The Pebble watch promised users a cool smartwatch that connected to iPhone or Android phones. Apps were promised to extend phone control to the wrist for music, to receive notifications and get buzzed when there was a call. The user could keep their phone in a pocket, bag or purse.
However, after reviewing it, the promise seems largely unmet for now. The included “apps” do very little and third-party apps are nonexistent on iOS, with only a few on Android.
Pebble Smartwatch Build Quality
The Pebble packaging looks low-budget; like a toy watch a child might get out of a cereal box, not a $125 watch. The plastic housing, oversized watch face and ugly rubber watch band scream low-budget.
The Pebble’s display is bright under good light and a backlight shows text in the dark.
We like the easy connection of the Apple MagSafe-like connector on the charging cable, except it detaches too easily. Owners can’t get a replacement or second cable if they lose or break theirs. That’s why we’d prefer a more ubiquitous standard: like a mini or micro USB charger.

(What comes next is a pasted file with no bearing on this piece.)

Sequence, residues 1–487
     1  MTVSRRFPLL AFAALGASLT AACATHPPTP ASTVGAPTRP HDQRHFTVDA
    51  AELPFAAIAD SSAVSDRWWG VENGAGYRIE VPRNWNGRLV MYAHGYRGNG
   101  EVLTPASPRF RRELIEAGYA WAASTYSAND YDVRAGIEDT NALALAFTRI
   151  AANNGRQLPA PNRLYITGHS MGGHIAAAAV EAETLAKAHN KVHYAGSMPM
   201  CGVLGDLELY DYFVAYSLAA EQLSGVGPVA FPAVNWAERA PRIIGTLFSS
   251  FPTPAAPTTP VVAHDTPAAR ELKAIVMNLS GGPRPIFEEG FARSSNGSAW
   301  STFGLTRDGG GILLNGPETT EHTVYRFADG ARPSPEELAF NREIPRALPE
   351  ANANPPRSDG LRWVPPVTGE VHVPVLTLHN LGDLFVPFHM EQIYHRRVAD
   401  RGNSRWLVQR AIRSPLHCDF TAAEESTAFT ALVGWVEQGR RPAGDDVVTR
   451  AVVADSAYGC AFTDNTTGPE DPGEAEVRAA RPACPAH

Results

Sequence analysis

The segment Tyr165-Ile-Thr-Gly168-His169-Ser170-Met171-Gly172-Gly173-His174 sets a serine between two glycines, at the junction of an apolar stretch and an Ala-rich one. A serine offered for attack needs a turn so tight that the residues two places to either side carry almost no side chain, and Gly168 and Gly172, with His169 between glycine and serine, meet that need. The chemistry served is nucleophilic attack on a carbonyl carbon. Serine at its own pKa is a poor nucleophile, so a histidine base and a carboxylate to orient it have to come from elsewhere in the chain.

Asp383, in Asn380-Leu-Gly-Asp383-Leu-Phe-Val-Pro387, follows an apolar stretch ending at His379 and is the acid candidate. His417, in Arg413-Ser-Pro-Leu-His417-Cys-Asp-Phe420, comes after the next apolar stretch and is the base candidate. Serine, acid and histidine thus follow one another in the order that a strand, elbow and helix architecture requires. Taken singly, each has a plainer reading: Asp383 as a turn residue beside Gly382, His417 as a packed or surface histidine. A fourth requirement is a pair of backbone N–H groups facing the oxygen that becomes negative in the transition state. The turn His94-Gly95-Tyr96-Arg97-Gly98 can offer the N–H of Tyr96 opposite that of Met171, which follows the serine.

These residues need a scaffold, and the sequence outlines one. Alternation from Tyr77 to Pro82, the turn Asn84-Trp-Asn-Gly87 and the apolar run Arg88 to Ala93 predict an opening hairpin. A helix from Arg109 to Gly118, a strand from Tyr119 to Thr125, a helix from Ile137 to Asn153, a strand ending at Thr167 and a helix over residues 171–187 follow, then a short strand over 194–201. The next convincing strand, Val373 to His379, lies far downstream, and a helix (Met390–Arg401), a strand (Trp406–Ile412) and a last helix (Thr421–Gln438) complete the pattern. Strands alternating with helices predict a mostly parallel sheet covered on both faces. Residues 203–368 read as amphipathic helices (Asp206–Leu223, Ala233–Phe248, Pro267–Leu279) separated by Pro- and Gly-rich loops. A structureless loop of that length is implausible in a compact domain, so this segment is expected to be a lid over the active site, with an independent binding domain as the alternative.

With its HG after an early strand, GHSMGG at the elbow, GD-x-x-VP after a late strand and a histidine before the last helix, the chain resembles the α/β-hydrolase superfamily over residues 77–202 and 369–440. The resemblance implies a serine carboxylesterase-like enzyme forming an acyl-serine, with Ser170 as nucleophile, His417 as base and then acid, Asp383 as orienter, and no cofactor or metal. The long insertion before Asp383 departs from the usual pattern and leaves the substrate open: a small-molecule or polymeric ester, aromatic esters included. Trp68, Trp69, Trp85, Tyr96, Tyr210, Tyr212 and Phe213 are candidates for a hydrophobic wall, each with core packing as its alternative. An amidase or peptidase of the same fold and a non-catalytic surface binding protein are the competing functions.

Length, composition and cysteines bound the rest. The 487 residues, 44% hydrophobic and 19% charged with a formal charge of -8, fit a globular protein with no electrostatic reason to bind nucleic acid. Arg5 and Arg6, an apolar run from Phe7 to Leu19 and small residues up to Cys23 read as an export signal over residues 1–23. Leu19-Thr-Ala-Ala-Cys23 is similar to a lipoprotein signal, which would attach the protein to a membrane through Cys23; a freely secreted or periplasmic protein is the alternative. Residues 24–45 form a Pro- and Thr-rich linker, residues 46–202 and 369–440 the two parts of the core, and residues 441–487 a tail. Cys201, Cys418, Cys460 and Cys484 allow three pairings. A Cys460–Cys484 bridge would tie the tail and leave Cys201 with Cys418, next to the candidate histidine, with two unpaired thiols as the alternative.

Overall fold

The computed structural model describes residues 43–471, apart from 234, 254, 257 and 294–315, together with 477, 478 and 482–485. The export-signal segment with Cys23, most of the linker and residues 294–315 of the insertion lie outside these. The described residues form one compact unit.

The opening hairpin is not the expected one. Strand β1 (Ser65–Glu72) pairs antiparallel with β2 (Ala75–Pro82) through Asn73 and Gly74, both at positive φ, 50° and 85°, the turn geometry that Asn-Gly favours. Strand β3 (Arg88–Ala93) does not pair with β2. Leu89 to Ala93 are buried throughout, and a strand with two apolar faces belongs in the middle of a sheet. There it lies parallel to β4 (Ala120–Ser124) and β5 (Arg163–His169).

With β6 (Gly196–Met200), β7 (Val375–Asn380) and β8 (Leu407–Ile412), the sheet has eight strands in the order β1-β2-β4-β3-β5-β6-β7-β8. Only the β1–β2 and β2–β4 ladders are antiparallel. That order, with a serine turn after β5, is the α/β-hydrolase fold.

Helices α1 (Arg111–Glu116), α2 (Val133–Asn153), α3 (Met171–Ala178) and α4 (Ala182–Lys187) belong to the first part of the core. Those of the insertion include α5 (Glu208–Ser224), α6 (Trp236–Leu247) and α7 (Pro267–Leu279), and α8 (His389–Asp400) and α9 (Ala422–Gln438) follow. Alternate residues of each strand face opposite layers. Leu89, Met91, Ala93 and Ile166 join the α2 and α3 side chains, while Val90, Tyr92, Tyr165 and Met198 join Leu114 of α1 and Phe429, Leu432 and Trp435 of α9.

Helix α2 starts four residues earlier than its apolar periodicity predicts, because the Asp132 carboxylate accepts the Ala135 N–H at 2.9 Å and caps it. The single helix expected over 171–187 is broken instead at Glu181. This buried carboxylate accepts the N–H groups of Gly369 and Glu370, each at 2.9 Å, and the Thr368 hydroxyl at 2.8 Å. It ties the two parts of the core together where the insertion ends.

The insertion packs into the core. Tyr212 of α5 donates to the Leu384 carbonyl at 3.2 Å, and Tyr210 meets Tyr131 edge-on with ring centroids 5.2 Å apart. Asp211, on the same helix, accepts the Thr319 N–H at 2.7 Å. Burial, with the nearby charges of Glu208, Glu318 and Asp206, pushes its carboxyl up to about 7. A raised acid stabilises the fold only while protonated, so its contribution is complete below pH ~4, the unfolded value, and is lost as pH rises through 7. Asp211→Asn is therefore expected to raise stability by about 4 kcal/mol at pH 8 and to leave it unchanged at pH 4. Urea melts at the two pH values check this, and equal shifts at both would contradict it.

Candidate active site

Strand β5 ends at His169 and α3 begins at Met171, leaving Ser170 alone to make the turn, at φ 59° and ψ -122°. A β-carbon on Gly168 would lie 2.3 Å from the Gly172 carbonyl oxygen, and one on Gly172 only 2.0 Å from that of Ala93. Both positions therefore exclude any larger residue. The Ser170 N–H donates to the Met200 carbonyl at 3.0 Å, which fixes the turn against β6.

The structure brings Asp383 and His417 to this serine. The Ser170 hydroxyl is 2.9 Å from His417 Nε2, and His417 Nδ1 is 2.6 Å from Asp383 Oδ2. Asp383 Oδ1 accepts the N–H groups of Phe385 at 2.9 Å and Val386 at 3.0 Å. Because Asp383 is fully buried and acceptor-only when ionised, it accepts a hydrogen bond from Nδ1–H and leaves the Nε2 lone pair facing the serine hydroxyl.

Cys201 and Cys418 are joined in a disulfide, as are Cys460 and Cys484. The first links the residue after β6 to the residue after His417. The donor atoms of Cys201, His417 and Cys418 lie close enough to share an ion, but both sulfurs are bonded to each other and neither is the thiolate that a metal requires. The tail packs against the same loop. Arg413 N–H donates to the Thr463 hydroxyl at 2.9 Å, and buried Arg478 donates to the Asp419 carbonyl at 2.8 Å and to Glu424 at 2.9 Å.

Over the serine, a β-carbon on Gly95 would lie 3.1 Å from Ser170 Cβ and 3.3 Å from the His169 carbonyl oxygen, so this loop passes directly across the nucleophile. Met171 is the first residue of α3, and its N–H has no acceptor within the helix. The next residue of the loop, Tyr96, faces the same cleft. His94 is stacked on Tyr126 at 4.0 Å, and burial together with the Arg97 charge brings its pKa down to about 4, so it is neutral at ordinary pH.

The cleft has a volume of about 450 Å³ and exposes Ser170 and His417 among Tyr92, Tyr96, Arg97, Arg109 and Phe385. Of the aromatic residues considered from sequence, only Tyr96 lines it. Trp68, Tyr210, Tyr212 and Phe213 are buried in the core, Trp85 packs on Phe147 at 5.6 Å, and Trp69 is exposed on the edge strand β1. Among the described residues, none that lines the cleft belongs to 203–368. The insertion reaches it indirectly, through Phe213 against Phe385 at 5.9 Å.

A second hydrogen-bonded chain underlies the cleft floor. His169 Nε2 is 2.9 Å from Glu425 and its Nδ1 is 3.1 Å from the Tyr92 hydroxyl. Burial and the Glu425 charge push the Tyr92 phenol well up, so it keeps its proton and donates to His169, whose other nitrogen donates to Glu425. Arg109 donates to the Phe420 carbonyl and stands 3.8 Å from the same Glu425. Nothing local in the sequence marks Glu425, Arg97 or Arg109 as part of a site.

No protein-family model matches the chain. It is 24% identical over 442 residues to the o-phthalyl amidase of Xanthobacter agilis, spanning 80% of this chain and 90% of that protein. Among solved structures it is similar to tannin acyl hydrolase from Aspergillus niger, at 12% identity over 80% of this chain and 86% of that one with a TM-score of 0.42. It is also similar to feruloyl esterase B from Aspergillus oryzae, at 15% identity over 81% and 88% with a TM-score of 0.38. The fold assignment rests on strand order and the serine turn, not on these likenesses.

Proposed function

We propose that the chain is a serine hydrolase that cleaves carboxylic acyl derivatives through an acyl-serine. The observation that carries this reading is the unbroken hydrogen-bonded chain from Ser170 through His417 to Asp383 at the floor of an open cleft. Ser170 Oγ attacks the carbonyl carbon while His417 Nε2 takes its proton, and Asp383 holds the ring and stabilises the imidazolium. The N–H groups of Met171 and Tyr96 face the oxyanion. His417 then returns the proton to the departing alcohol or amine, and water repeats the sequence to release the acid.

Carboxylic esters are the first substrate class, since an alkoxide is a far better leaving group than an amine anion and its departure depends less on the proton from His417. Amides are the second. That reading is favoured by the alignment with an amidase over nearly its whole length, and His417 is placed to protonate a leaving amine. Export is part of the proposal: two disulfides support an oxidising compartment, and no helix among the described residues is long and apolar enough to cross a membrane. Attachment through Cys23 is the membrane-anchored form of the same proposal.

Design and Function
Thanks to the buttons, the Pebble watch looks funny. Fashionistas will balk at wearing it. Replacing the ugly band won’t turn it into an elegant timepiece: it’s still a thick slab of plastic on a wrist.
The Pebble connects to a phone via Bluetooth. The connection remains solid… most of the time. Occasionally the iPhone displays a message asking permission to communicate with the Pebble. This shouldn’t happen and makes the Pebble less useful.
An firmware update coming soon will extend the watch’s third-party app abilities, but right now there are few apps for either Android or iOS. The user can install a few watch faces, but right now that’s it.
A few apps in the Google Play store extend the watch for Android users. The free Pebble Notifier sends more notifications to the watch than Pebble’s own app. There’s also Augmented Smart Watch, at $4.20, with even more notifications.
Out of the box we now get notifications for email, text messages, appointments and phone calls. Users can control media playing on their phone. That’s pretty much it on iOS.
The Android Pebble app also includes a strange bug unique to Samsung Galaxy S3 phones. Whenever a user opens a folder of apps on their home screen, the Android Accessibility feature announces the opening and closing of the folder. Pebble knows about the issue.
We currently can’t recommend Pebble. For the early $125 Kickstarter price, the watch doesn’t do enough. Now it costs $150 to pre-order. More apps and better build quality might make it a worthy price someday. iPhone and Samsung phone users should stay away. Other Android phone users might get more use if they don’t mind the ugly look.